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SummaryAn Incredible Experience, Don't Overlook It Too!
The GoodBeyond Good and Evil, created by Rayman supremo Michael Ancel, is possibly the most charming platformer on the PS2 system, and really makes you feel part of a living world. Forget GTA's bland sandbox or the boring skateparks of Tony Hawk's, here's a game that really puts you right into a world that you'd actually want to spend time in.
The sense of atmosphere is palpable and really quite beautiful. Strong words for a mere game, but BG&E is without doubt one of those games, like Ico, that starts to transcend the barriers between gaming a genuine cinematic experience. We're not there yet, but this is a step in the right direction. The plot is neat, petite and melodramatic in all the right ways - its a lot better than your standard 'alien menace' fps plots although it does find itself on the wrong end of a few naff moments. The game is also a basic satire on the role of media governing our lives, intelligent stuff for a game, even if this territory has been covered a bit in film.
The peaceful world of Hillys suffers under alien attacks constantly, but it is thankful for the Alpha Force, an elite force of soldiers championed by the media as our salvation. Although many civilians still go missing mysteriously, the Alpha Force are heroes, an example to all in the idyllic world of Hillys. Or are they? Okay, so the whole 'undercovering a conspiracy' plot has been done to death, but it hasn't been covered in games that much, certainly not in platformers. And the story is good fun, with enough twists and funny moments to keep you playing, even if you feel you know where the story is ultimately heading.
As photographer and orphanage owner Jade you sneak into a variety of locations, helping the Iris Network, a galaxy-wide resistance force, to unveil the truth to the population of Hillys. Again, very predictable, but the feeling of revolution and liberation as you start to reach the public is one of those terrific feelgood moments that you remember forever, and that only games can really muster. 'See those revolting citizens - I did that!'
The feeling of being part of an actual resistance movement is excellently recreated, with enough death and sad moments to feel like you are really battling against an almighty corporation. Sneaking through the cracks in the scenery or using your ship to blast your way in makes you feel like you are really up against it, and really makes the stealth tense (more on that later).
After entering a base, which take the form of everything from a drug factory to a slaughterhouse, your mission is to photograph all the nasty stuff going on. And its nasty - not blood and guts nasty but a real contrast with the stunning aesthetics of Hillys' scenery. The photographs are then sent out to Iris, who distribute them among the population. Seeing your report, complete with the photos you took, is really quite an ego boost, and then seeing people talk about what you discovered when just a few hours of gametime ago they seemed like lambs to the Domz slaughter - that's really cool.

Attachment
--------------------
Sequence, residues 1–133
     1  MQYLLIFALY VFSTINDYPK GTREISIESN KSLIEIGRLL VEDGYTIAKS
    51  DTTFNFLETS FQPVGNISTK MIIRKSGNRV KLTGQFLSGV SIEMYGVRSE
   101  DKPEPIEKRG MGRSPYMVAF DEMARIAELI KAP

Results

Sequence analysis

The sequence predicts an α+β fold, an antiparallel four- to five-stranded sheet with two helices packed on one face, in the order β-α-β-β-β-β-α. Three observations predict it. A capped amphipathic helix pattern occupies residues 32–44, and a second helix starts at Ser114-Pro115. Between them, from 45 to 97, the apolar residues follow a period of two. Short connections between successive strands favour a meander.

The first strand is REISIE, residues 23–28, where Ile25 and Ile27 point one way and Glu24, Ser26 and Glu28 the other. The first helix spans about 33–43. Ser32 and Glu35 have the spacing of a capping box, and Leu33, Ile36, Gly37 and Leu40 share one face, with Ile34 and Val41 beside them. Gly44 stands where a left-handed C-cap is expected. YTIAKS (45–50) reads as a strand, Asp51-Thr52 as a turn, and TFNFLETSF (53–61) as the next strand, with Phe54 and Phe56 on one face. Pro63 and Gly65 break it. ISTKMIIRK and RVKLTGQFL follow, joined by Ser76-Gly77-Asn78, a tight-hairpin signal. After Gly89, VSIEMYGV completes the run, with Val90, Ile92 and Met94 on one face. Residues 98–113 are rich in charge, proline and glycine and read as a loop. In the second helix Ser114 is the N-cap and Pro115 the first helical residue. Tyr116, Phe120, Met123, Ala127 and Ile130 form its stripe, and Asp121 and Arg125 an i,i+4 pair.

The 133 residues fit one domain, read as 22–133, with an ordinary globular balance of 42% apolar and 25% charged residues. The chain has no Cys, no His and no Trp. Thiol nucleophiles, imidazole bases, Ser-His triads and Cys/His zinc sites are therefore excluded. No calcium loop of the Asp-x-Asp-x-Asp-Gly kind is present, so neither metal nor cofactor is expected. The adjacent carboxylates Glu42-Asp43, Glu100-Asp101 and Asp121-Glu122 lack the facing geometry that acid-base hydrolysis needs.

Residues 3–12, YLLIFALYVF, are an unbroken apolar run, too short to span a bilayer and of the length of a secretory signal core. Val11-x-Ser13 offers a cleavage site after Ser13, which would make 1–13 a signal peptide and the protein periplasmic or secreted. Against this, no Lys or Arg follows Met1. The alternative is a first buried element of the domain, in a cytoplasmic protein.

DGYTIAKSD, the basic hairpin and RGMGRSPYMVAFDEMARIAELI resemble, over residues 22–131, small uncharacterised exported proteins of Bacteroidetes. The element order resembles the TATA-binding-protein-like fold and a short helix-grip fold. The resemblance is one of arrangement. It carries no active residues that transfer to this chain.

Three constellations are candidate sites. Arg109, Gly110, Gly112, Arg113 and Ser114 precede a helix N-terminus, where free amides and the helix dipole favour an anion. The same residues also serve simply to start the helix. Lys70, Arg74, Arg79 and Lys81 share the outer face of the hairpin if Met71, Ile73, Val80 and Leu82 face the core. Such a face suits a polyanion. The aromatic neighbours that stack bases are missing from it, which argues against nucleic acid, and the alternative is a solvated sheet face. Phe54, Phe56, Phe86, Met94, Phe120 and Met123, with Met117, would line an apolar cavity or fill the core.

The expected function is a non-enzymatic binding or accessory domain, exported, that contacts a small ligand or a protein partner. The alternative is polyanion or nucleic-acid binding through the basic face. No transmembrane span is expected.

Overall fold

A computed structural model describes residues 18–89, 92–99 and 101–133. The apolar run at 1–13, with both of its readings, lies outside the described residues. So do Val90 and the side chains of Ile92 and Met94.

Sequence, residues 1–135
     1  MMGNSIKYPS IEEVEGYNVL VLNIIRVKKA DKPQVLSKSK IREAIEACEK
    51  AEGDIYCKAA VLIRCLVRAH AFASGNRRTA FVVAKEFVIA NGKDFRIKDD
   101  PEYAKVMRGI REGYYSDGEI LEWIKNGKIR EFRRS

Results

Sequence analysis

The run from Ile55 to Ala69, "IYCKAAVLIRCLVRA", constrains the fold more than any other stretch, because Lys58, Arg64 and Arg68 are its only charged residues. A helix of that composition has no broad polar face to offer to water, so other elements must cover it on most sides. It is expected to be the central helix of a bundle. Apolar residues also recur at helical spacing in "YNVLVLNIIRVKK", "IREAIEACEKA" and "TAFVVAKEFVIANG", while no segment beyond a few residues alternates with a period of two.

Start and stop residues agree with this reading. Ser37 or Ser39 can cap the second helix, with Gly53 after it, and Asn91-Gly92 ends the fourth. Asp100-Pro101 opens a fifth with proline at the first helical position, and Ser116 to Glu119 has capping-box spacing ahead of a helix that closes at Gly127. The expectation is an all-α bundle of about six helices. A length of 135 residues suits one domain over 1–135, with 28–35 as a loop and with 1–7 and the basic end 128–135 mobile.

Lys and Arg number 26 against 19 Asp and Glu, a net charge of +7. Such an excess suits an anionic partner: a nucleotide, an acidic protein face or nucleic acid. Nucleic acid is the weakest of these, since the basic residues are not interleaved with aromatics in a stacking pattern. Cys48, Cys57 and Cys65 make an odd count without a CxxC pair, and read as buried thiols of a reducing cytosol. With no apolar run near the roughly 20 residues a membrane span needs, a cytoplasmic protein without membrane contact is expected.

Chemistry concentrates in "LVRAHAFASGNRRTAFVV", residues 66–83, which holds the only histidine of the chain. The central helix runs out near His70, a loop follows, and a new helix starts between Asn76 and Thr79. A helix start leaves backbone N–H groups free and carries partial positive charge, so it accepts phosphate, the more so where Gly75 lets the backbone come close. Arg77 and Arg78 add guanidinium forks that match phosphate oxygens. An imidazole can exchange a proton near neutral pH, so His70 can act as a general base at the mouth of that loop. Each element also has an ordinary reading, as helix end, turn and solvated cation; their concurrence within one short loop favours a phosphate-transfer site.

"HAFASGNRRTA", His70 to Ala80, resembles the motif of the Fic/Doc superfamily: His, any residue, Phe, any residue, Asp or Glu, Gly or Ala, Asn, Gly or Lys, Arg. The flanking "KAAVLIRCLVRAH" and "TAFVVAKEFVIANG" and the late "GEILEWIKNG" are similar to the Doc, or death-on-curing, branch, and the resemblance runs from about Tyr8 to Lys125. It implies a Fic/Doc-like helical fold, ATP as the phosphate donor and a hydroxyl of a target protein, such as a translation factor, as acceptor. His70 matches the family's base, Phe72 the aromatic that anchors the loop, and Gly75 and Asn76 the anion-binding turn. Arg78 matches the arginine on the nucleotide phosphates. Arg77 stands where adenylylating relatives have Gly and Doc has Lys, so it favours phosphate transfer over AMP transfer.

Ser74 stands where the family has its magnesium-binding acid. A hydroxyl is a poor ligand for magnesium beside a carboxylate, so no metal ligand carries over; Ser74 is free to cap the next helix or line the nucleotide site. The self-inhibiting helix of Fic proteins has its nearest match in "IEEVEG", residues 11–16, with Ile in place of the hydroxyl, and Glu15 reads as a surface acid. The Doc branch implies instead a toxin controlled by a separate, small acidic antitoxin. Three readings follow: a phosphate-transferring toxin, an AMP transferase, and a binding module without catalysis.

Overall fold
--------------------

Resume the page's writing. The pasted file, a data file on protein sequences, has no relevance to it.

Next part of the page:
The reason all these basic actions make you feel so great is because the actual world is so well realised. Lovingly designed characters walk the streets, hovercars whizz around the roads and even the mechanics are Jamaican rhinos with their own (excellent) reggae theme song! Even the giant Domz monsters are works of art. And the game world, especially the open sea, is simply stunning - especially as you upgrade your ship and discover more and more glorious countryside.
Another factor that makes the game so compelling is the dialogue and personality of the characters that inhabit the game world. The characters are very charming, and the dialogue is, compared with most games anyway, sparkling, fresh and very well acted. The leads are compelling, and even the bit-parts have their own quirks and eccentricities. The warm characters allow the game to move from light humour to bleak sadness in the blink of an eye. An event near the end of the game where Jade nearly gives up is beautifully done, and not anywhere near as naff as it really should have been.
Jade is an excellent lead, thankfully a bit deeper than the Lara Croft 'breasts and ass' stereotype while remaining clear of the forced 'feisty' cut-out she could have been. She's sassy, funny and genuinely seems like a fully-fleshed character. The sidekicks are more eccentric but steer clear of annoying for the most part.
Jade's step-father and loyal friend Pey'j is a pig, but only in the literal sense! When I first played this game, I couldn't quite believe I was adventuring with a talking pig, but you'd be surprised how this feeling disappears and he becomes good old uncle Pey'j - he's the game's key humour character, and his natural charm makes him a trusted ally.